Transgender Benefits

Another area of focus is expanding the breadth of transgender benefits covered by the health plan or increasing the maximum amount reimbursed. Most employers cover transgender benefits (74%), and a few more employers (13%) are expected to join in before 2025. Surgical procedures and reproductive benefits are common areas of expansion.

Affordability of Care

Another area related to health equity that employers are paying attention to is affordability. Employers have long focused on affordability and are increasingly doing so in the coming years. In line with findings observed later in the report, employers (73%) are continuing to offer a choice of health plans to employees (Figure 2.2), enabling employees to select the right plan for them. In addition, some employers (61% in 2022) are designing benefits to foster affordability within pharmacy benefits. While not as common, eventually half of employers expect to have wage-based cost sharing built into their plans.

Access to Providers

Finally, employers know that a pain point of the health care experience is being able to find the right provider. This is most acute when it comes to finding physical and mental health practitioners but also extends to the use of health plan resources, navigational services and well-being programs. To give employees the best chance of finding a provider with a specific expertise (e.g., gender transition) or demographic background (race/ethnicity), employers are working with their vendors to expand their provider networks (Figure 2.2). This is the fastest-growing area of health equity.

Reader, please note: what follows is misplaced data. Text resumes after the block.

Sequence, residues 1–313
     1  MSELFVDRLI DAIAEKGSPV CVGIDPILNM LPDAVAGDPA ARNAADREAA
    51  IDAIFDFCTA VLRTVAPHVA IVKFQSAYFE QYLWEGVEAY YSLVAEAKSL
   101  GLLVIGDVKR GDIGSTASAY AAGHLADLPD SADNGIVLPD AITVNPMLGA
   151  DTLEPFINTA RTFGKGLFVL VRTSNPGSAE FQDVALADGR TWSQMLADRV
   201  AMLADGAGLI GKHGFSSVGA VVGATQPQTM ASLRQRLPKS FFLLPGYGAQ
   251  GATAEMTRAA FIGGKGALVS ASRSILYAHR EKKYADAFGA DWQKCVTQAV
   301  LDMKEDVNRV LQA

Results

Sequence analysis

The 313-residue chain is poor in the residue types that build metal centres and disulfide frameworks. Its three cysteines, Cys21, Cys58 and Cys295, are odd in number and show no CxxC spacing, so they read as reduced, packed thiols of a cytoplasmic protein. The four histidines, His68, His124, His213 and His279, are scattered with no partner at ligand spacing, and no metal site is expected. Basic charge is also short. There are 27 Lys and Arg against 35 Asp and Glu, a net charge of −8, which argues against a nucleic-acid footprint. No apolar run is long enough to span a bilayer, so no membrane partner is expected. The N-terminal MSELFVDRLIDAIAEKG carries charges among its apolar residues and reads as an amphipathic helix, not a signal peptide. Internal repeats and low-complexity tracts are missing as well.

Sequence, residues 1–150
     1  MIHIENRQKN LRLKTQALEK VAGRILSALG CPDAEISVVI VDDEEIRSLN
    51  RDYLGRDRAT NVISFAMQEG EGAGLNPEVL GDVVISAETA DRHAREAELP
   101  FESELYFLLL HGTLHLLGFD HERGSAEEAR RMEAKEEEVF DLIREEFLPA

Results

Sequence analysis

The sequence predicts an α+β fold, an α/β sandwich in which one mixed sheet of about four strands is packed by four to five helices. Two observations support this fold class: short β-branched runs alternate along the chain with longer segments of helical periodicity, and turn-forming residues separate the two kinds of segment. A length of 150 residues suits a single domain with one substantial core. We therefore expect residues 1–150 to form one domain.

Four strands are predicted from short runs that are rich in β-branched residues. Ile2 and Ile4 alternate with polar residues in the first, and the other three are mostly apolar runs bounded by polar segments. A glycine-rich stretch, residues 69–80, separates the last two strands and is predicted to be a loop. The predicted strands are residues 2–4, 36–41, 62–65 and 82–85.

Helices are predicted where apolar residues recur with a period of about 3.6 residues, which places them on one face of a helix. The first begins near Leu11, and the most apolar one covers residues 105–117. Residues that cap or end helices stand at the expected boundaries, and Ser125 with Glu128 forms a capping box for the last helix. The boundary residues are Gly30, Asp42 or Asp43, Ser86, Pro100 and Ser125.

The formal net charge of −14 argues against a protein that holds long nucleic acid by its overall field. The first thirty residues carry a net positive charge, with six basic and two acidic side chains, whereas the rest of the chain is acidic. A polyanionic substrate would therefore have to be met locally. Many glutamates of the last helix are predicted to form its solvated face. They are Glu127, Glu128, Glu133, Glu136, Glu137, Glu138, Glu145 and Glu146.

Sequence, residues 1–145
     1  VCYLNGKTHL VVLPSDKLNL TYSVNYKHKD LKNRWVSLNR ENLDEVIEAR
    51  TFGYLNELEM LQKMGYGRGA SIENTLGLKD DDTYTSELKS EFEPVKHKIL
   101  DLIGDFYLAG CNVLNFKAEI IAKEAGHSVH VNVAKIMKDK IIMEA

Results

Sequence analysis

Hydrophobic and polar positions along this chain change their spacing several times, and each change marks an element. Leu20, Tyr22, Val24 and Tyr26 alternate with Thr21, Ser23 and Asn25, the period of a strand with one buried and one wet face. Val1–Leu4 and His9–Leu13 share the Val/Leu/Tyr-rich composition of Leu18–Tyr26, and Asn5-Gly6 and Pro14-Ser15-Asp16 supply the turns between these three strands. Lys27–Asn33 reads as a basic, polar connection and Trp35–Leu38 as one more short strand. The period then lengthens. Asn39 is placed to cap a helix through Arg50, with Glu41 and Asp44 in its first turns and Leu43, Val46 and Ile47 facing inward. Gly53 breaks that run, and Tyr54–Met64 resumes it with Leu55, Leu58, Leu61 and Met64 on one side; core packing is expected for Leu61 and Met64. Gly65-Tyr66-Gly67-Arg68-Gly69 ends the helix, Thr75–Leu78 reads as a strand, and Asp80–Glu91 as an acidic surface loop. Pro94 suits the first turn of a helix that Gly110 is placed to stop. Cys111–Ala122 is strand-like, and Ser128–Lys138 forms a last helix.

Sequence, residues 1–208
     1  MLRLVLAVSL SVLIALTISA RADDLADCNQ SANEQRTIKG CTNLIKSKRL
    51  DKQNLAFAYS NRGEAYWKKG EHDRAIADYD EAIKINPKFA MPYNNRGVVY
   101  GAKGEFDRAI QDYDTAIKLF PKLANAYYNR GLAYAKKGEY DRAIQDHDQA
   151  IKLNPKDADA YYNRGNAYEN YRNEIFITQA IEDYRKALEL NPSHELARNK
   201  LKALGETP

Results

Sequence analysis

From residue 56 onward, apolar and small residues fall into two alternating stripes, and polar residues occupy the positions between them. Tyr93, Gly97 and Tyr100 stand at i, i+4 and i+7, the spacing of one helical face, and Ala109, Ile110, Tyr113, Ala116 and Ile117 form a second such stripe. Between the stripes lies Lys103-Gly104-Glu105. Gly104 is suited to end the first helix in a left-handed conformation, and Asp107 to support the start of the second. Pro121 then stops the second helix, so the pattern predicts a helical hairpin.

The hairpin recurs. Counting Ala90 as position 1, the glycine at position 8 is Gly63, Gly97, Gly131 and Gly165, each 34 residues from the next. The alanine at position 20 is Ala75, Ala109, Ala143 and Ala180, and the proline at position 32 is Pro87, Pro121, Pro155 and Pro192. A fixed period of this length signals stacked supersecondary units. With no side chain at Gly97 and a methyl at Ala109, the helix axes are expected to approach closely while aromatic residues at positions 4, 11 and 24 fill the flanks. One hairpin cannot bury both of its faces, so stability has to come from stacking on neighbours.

To achieve this goal, the first step is to collect and publish provider information that helps employees find providers that best meet their needs and preferences. In fact, 44% of employers require their health plan and navigation partners to maintain provider directories, but this number is expected to grow to 80% by 2025. Taking it a step further, 37% of employers will actively expand their provider networks to represent a more diverse group of professionals – and this number will double in just 3 years. Finally, while it’s important that all providers practice culturally competent care, giving employees more choice and control over whom they seek services from can lead to better adherence, satisfaction and outcomes.

Part 2: Health Equity